Interview: Arthur Frawley

Up and coming writer, Arthur Frawley, was nice enough to do an interview with Death By Podcast. Hailing from Montgomery, Alabama, Frawley is a sophomore at Rhodes College in Tennessee and wrote his first book, Kill All Heroes.

 

DBP: How did you get into writing?

AF: I got into writing when I tore my ACL. Before I was a writer I was a 4 star high school athlete— but after I tore my ACL I broke my knee cap and the injuries piled up. By senior year I had gotten five knee surgeries, with nothing to really show for it. After football I had more free time, so I started reading comics. After that, I started writing comics and video games because, well, apparently I have a knack for it.

 

 

DBP: What are your favorite books and writers?

AF: My favorite books are Animal Farm and Old Man Logan. My genera of choice are sci-fi and historical fiction. My favorite writers are Edger Allen Poe and  Jonathan Swift.

 

 

DBP: What is your writing process and how often do you write?

AF: I’m honestly still figuring it out. I write what I feel for as long as I can and then I take a break and edit it; I’m honestly working it out as I go. I try to write a little every day. Even if it’s only a few hundred words writing every day helps me stay connected to the story and the characters.

 

 

DBP: Tell us about Kill All Heroes. What was the catalyst for writing it? What was the process like?

AF: I started writing Kill All Heroes when I had the thought “why does Superman, or any super hero, listen to a government or a human? They can’t do anything to them.” From there I started wondering why super heroes were always innately moral, when they are in most cases human or human-like, thus susceptible to greed and anger. I always asked why we as a people thought it was acceptable for Batman or Superman to run around beating up the underclass and mentally unstable.  So, I wrote a draft. Then another one. Then another one. Six drafts later, the current version of Kill All Heroes was written. On the most basic level, Kill All Heroes is about a group of weak people (humans) fighting against a group of super powered people who can do whatever they want. This situation can obviously be seen in a lot of places, so I drew inspiration from events ranging from the Russian and the French Revolutions to Occupy Wall Street. I could have a realistic depiction to the variety of ways people react to being essentially powerless. Though there is a lot of action and sci-fi filled fighting, Kill All Heroes is also a novel about humanity and how we view those who are stronger than us.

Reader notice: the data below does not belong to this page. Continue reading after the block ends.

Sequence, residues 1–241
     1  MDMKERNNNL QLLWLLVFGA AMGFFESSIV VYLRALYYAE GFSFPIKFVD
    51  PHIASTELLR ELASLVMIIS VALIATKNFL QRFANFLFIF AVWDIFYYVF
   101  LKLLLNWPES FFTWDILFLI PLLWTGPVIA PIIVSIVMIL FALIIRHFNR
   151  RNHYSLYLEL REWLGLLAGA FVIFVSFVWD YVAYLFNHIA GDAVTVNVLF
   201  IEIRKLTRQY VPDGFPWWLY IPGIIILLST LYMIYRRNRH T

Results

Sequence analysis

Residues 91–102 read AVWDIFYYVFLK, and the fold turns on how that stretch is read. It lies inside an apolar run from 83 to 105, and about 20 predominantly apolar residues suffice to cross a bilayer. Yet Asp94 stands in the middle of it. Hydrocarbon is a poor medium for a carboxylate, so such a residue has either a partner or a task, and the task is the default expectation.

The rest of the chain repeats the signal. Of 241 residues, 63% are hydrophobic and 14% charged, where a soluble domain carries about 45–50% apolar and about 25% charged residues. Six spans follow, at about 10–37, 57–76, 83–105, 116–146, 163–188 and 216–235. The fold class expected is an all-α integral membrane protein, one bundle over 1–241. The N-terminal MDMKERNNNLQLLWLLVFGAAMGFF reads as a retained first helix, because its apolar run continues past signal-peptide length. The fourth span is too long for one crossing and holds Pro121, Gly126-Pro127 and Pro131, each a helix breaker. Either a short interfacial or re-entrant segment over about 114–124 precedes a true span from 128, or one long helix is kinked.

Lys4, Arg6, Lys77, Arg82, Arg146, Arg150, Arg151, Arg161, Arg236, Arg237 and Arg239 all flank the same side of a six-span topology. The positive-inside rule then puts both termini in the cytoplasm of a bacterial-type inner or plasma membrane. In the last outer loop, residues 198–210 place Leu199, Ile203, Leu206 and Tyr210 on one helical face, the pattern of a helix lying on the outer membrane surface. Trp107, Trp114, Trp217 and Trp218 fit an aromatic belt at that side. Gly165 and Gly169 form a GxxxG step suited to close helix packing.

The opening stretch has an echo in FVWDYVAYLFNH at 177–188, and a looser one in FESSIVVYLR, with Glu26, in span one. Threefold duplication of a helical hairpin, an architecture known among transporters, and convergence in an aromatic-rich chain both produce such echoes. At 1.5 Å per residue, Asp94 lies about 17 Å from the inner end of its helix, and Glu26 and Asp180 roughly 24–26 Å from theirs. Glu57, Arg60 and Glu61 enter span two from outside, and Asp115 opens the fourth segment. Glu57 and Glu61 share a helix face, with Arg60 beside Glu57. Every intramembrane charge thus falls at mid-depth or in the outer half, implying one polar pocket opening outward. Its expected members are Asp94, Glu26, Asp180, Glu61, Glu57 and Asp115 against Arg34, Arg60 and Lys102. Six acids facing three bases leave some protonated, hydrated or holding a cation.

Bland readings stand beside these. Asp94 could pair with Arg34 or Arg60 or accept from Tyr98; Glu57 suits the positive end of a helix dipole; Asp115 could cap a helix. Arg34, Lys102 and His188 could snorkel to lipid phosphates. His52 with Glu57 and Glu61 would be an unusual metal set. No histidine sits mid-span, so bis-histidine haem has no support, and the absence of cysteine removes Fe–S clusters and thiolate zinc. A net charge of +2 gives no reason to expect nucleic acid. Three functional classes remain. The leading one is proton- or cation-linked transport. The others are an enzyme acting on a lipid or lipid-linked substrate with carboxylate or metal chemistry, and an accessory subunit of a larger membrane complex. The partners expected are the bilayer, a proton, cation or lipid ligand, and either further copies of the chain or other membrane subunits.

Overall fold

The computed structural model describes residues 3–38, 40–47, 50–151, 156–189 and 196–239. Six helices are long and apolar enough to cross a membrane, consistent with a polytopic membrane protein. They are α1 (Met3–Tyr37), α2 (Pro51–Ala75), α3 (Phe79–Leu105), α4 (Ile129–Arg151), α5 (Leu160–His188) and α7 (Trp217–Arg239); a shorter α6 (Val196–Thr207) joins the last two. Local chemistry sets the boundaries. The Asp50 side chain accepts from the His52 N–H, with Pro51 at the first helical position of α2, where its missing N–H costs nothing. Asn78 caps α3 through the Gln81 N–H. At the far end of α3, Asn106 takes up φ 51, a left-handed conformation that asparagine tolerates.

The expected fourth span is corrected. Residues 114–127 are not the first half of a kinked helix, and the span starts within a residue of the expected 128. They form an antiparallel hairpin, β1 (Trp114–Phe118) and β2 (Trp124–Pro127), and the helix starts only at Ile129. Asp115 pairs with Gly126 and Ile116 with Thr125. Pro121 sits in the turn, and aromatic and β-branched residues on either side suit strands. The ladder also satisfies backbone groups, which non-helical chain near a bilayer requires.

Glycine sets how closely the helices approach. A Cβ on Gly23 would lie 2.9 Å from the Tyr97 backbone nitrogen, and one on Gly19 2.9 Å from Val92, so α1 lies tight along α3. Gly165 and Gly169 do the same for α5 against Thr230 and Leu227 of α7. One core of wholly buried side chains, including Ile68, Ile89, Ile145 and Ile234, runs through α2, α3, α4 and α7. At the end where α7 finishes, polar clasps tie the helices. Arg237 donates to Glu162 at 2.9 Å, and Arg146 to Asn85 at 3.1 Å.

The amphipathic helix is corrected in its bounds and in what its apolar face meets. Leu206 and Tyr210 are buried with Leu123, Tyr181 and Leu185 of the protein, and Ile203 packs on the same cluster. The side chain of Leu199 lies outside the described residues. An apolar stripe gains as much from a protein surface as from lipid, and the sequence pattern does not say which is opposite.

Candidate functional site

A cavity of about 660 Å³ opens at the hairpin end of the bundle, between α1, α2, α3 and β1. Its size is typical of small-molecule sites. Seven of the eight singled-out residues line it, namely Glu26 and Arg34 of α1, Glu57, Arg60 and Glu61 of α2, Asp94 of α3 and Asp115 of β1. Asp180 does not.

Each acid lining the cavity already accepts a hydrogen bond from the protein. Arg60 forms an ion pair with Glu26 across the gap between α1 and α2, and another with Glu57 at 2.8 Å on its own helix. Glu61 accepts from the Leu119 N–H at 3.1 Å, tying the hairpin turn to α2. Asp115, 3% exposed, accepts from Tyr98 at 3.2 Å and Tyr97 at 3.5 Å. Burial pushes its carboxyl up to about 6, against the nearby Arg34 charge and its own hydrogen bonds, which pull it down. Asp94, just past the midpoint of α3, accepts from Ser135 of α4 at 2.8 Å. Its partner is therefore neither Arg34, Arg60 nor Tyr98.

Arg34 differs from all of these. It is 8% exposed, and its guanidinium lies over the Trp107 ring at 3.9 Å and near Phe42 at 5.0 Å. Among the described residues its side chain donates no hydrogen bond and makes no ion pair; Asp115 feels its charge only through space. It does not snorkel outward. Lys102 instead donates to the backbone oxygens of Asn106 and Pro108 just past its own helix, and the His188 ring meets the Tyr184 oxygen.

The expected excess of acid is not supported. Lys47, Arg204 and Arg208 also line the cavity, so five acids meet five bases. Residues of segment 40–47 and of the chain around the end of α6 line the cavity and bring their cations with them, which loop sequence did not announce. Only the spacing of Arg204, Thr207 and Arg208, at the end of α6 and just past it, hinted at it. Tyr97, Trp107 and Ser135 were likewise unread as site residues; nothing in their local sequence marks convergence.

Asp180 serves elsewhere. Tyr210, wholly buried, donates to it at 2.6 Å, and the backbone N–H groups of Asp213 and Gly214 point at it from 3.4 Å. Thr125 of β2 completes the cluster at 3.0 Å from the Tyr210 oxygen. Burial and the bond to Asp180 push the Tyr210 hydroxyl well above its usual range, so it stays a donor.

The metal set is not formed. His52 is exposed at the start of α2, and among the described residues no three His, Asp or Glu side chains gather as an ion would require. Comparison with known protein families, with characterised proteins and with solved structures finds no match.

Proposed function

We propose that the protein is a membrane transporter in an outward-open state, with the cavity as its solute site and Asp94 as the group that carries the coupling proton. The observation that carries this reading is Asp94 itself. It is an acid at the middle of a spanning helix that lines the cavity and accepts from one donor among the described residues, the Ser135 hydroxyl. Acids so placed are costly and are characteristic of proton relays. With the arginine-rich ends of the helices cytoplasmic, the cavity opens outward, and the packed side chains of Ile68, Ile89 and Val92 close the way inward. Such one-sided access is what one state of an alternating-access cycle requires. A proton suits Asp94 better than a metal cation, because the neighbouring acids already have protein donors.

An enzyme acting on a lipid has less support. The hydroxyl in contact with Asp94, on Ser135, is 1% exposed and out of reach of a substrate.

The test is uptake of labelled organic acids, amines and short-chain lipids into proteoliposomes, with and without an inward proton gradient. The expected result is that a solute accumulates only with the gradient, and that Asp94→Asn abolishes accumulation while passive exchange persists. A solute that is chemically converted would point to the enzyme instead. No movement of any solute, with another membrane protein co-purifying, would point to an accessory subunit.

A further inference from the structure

DBP: Which is your favorite character in Kill All Heroes?

AF: I honestly don’t have one. All the characters serve a purpose and do what they do. When I’m writing, I don’t force characters to do something they wouldn’t. I take a step back and think about what they would do. Asking me to pick a favorite character is like asking me to pick a favorite limb.

 

 

DBP: Is there an underlying message in the book you are trying to send?

AF: I think the best way to sum up the underlying message of Kill All Heroes is a quote by John Emerich Edward Dalberg Acton, first Baron Acton (1834–1902). “Power tends to corrupt, and absolute power corrupts absolutely. Great men are almost always bad men.” We, as a society, tend to paint famous figures with a broad brush of “good” and “bad,” when in reality they’re  people just like us and they have the same vices and characters flaws as us. Super heroes are known for being these morally brilliant superb people, that no matter what, make the right choice. But if super heroes were real, what would stop them from giving in to their more human natures and just taking over? Nothing.

 

 

DBP: Which writer or filmmaker, living or dead, would you like to meet and why?

AF: I’d really love to meet Ernest Cline; he is my all time favorite writer. He takes pop culture, sci-fi and fantasy and writes it in such a new interesting way— I can’t help but love it.

 

 

Follow Arthur Frawley on Twitter and Inkshare

 

 

 

 

Leave a Reply

Fill in your details below or click an icon to log in:

WordPress.com Logo

You are commenting using your WordPress.com account. Log Out / Change )

Twitter picture

You are commenting using your Twitter account. Log Out / Change )

Facebook photo

You are commenting using your Facebook account. Log Out / Change )

Google+ photo

You are commenting using your Google+ account. Log Out / Change )

Connecting to %s